Working with manufacturers over the years has been a great pleasure for Ron. “It’s all about relationships,” said Ron. And there’s always a “symbiotic” element to the give-and-take.
The relationship with Risley Equipment, Ltd. strengthened in the 1990s. Ron was keenly interested in the development of the Risley harvesting head. He relished the opportunity to convey insight garnered from job sites, as well as to contribute his own perspective on the development of a head and headed all the way up to Alberta, Canada to do so.
“In 1995, I marketed the first Rolly head with the usual new product glitches,” said Ron. “I marketed 18 Rollys in the first 24 months.” During that time, many changes were made in the field to improve reliability, and WEI was the exclusive distributor.
“Risley continued to innovate,” said Ron. For Risley during the 1990s, the Lim-mit delimber was front and center. “It was a stellar product for the next 15 years in building the business and helping it to expand.”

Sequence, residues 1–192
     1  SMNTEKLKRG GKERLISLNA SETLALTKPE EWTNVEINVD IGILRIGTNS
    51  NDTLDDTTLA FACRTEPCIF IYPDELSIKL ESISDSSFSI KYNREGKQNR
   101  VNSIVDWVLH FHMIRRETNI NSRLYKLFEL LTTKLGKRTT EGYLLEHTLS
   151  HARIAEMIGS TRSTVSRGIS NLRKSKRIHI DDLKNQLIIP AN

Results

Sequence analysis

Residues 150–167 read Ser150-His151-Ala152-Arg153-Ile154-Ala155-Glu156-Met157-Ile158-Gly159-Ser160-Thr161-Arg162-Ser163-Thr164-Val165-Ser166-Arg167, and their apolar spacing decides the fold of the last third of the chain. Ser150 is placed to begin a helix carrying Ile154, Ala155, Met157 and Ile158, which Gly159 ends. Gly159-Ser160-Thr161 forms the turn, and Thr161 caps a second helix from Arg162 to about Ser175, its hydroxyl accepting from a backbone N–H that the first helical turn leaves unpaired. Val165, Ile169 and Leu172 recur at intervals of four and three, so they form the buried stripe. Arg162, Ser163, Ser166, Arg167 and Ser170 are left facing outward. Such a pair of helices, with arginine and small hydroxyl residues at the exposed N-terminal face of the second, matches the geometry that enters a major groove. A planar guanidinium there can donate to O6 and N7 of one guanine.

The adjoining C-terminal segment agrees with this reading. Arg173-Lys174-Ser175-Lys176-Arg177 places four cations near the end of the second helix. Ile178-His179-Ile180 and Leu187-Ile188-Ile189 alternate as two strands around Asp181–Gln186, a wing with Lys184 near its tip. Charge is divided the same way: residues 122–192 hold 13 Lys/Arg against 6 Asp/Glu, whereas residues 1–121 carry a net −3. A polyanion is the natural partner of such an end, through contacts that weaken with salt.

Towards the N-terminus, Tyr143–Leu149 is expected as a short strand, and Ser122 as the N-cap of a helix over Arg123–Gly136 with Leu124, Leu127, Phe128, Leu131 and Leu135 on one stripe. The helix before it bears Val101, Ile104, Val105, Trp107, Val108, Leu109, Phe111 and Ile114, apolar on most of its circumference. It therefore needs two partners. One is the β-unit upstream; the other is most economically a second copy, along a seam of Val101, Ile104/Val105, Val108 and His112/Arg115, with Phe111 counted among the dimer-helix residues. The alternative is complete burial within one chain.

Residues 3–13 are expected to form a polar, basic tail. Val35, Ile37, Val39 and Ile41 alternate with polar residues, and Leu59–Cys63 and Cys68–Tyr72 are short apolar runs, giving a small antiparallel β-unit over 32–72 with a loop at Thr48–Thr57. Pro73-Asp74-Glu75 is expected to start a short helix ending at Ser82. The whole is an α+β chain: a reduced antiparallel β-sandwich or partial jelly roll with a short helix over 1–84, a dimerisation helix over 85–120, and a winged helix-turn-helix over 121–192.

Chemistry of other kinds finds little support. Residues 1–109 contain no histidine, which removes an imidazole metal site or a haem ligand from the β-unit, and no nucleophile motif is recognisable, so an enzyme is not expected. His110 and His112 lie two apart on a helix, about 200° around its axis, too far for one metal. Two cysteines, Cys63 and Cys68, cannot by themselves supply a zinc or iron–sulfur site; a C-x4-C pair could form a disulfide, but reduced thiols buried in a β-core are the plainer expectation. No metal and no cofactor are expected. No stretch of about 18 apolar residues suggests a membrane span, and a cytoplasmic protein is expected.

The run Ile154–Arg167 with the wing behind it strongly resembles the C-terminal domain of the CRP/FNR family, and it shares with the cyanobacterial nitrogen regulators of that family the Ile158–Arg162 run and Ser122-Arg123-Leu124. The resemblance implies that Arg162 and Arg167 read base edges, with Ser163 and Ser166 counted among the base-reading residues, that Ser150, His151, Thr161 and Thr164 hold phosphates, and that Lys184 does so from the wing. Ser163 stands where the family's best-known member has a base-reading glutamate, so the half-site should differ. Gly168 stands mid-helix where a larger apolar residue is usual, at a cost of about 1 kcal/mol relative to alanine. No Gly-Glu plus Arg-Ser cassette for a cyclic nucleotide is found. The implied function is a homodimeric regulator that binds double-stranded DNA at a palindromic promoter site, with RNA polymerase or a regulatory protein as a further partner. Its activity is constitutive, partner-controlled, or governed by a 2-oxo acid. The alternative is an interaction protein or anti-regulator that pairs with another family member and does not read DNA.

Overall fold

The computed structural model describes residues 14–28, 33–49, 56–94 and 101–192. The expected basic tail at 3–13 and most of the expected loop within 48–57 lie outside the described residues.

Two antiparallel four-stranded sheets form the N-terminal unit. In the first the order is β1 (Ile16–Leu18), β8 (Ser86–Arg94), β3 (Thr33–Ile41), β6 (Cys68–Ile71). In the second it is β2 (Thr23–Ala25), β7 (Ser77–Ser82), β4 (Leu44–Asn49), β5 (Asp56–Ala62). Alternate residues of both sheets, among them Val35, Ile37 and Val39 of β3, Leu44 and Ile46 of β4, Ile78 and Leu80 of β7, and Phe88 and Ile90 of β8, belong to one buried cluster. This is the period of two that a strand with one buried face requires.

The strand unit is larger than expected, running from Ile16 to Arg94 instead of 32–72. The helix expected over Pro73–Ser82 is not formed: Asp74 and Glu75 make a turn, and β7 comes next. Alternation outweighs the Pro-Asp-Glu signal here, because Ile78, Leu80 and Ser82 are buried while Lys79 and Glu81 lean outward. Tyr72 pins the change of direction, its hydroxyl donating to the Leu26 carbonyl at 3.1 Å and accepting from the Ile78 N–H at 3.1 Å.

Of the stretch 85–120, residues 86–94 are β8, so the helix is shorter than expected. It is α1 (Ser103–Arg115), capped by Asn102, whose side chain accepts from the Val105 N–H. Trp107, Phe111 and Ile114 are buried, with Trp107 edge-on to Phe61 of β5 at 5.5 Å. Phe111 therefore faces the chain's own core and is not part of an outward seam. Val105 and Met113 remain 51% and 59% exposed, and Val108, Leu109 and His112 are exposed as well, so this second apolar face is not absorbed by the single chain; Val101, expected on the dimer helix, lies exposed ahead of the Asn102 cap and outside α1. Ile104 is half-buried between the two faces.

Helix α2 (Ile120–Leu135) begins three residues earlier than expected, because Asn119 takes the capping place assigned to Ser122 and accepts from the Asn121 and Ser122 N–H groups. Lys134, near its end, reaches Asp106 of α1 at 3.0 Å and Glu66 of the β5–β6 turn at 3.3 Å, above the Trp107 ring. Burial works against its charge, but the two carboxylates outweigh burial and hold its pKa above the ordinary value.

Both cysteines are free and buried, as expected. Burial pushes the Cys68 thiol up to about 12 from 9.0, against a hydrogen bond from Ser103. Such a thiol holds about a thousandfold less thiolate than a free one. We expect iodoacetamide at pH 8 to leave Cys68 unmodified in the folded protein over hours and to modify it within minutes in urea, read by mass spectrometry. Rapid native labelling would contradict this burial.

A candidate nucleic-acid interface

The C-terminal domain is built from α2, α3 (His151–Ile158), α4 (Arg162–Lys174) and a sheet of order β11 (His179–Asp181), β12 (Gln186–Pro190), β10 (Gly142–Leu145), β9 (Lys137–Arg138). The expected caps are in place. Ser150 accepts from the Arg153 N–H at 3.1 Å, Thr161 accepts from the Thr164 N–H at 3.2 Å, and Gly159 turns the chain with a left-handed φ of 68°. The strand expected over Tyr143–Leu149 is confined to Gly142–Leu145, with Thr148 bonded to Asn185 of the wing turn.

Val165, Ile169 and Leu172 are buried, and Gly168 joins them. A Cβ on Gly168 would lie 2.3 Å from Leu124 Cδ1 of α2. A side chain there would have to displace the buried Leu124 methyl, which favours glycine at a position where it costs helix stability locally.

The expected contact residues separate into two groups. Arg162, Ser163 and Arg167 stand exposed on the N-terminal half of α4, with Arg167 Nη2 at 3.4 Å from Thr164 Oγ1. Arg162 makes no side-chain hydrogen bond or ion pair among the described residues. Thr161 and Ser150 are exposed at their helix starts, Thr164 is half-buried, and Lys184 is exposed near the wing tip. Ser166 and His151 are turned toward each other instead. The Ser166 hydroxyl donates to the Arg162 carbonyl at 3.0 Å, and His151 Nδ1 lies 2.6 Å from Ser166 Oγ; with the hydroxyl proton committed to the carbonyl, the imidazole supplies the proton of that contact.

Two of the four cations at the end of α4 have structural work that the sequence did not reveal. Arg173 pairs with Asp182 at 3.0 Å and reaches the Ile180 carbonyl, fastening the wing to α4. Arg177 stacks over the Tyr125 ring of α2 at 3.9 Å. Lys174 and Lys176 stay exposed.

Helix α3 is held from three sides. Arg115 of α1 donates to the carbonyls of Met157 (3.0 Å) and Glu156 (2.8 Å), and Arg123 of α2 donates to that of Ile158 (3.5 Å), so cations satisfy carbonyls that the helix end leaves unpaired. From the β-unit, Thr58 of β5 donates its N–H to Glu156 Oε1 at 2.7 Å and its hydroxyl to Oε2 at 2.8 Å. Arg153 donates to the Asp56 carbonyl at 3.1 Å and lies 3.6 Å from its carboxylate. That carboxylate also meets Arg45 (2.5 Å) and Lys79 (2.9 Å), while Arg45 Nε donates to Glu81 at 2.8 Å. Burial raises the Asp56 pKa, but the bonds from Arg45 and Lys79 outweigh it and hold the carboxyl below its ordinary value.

Also during the 1990s, Risley was building its own track fellerbuncher. In 2001, Risley sold that fellerbuncher line – Timberking® – to Caterpillar Inc.
“Then Risley moved on to develop the soft track in 2003,” said Ron, “and in 2005 developed the E-Clips EZ200 for Woodland as a replacement for the Timbco line that we lost once Valmet was sold to Komatsu.”
Risley is headquartered in Grande Prairie, Alberta, Canada. There was a great deal of back and forth between Risley and Woodland during the refinement of the E-Clips® EZ200, said Ron, who welcomed every chance to exchange ideas.
“It’s a strong partnership: Risley is the innovator and producer; Woodland is the marketing and after-sales-support that keeps the system productive,” said Ron. Both companies share an absolute commitment to innovation and quality.